Electrolytes, such as sodium, calcium and potassium, are important minerals in the body responsible for maintaining acid levels, fluid balance, and muscle functioning. A number of factors can lead to electrolyte imbalance, such as excessive sweating, medical conditions, and medications. Symptoms of electrolyte imbalance depend upon the specific mineral affected but can include fatigue, muscle cramping, weakness, irregular heartbeat, confusion and blood pressure changes.
Video of the Day
The Healthline website explains that corticosteroids act on hormones produced in the brain called mineralocorticoids. These hormones are responsible for regulating electrolyte levels in the body and determining when the body secretes or conserves minerals such as sodium. Synthetic corticosteroids are absorbed in the gastrointestinal tract and have salt-retaining properties, further risking potential electrolyte imbalance. This type of medication elevates sodium levels, a condition known as hypernatremia, which can accompany excessive fluid loss and dehydration. Corticosteroids that may cause electrolyte imbalance include cortisone acetate and hydrocortisone. Electrolyte imbalance from use of corticosteroid medications can cause convulsions, twitching or muscle spasms.
Birth Control Pills
Medications used to prevent pregnancy and treat conditions related to menstruation in women may cause elevated potassium levels, also called hyperkalemia. Increased potassium levels can also upset the balance of sodium in the body. Bayer Health Care Pharmaceuticals warns that the medications drospirenone and ethinyl estradiol contain a hormone that increases potassium levels too much and causes side effects of diarrhea and weakness. These medications also have a diuretic effect. This effect increases the risk of dehydration, while simultaneously decreasing total body potassium. Severe effects from depleted potassium include difficulties in nerve and muscle control, or cardiac arrest.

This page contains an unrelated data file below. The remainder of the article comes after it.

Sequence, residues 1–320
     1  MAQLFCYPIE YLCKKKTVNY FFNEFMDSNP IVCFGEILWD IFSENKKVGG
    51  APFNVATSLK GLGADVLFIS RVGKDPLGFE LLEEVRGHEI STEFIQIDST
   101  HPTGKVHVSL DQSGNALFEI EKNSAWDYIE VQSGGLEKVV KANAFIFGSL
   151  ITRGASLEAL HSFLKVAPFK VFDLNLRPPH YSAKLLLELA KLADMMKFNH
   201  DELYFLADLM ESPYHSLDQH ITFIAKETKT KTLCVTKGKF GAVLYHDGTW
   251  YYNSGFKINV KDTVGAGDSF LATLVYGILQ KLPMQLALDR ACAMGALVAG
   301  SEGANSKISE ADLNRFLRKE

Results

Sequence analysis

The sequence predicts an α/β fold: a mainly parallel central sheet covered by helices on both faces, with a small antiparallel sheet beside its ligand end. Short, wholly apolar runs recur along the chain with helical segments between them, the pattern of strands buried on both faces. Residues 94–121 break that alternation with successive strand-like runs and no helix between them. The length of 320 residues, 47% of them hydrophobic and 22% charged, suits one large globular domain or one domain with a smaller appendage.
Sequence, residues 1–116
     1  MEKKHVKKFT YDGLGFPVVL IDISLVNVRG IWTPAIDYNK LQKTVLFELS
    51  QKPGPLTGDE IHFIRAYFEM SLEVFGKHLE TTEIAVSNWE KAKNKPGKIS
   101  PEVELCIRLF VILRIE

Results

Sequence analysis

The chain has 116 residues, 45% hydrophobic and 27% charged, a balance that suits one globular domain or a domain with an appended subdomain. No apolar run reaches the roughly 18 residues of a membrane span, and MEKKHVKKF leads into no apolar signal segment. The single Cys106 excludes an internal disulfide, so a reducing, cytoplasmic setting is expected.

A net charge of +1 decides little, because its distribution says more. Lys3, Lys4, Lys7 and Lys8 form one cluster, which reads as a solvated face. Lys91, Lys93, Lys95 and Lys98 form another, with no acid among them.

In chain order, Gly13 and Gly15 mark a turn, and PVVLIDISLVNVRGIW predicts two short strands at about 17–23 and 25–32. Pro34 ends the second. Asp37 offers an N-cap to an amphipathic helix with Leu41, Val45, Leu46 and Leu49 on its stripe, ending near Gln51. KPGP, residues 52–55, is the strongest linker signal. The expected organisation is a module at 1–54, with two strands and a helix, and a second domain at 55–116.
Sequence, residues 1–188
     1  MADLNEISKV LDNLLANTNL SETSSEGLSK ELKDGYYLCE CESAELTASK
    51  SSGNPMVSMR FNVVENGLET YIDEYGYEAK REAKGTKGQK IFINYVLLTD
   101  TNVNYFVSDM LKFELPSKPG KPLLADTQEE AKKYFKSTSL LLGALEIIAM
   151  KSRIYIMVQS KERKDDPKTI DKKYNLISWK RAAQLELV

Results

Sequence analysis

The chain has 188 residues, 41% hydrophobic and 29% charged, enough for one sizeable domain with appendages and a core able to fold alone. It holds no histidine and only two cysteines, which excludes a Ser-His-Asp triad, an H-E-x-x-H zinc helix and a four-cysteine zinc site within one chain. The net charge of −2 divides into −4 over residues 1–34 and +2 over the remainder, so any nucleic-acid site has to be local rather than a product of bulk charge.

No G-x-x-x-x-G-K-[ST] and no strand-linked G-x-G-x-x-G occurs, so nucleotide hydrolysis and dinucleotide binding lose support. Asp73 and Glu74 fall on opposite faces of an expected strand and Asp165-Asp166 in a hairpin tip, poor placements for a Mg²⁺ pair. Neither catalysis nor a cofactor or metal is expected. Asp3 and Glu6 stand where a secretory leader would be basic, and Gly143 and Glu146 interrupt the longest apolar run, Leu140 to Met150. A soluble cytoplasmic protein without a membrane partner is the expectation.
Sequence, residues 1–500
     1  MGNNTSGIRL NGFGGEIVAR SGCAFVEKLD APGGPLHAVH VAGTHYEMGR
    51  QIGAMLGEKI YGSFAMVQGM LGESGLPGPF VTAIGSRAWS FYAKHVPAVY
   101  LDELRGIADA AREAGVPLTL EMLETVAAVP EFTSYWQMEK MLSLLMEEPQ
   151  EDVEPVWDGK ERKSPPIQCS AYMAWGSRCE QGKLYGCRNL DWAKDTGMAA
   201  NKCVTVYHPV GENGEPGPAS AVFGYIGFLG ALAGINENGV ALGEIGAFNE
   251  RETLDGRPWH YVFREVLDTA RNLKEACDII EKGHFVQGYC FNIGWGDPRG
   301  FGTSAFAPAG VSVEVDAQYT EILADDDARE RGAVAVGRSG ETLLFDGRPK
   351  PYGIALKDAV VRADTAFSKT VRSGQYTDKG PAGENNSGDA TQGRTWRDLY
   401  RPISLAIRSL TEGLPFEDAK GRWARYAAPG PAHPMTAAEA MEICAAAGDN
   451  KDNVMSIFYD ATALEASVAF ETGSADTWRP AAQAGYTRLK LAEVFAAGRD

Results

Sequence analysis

Diuretics remove fluids from the body, by increasing urination. Diuretics may be used for the treatment of swelling in the limbs or to reduce high blood pressure. Diuretic medications not only release fluids but also rid the body of excess sodium and potassium. The Cleveland Clinic Foundation notes that diuretics such as furosemide and bumetanide cause electrolyte imbalance. Furosemide works to decrease high blood pressure by increasing the amount of salt and water the kidneys remove from the blood. Bumetanide has the same action, although this medication is prescribed to reduce fluid retention resulting from other medical conditions, such as edema or heart disease.
Antibiotics and Antifungals
Antibiotic and antifungal medications are used for the treatment of various infections. A 2009 study in the "Nature Review of Nephrology" notes that certain antibiotics cause a range of electrolyte imbalances. Depleted potassium levels and dehydration are associated with use of these medications, including amphotericin B, trimethoprim and demeclocycline. Amphotericin B is used to treat fungal infections. Trimethoprim is a common urinary tract infection medication, and demeclocycline treats bacterial infections associated with the skin, face and genitals.
REFERENCES & RESOURCES
- The Cleveland Clinic Foundation: Electrolyte Imbalance
- Healthline: Electrolyte Disorders
- U.S. National Library of Medicine: Fluid and Electrolyte Imbalance
- Nature Review Nephrology: Fluid, Electrolyte and Acid-Bas Disorders Associated with Antibiotic Therapy, April 2009
- Bayer HealthCare Pharmaceuticals: Important Safety Information About Yaz
- Cleveland Clinic: Corticosteroids
- MayoClinic.com: Low Potassium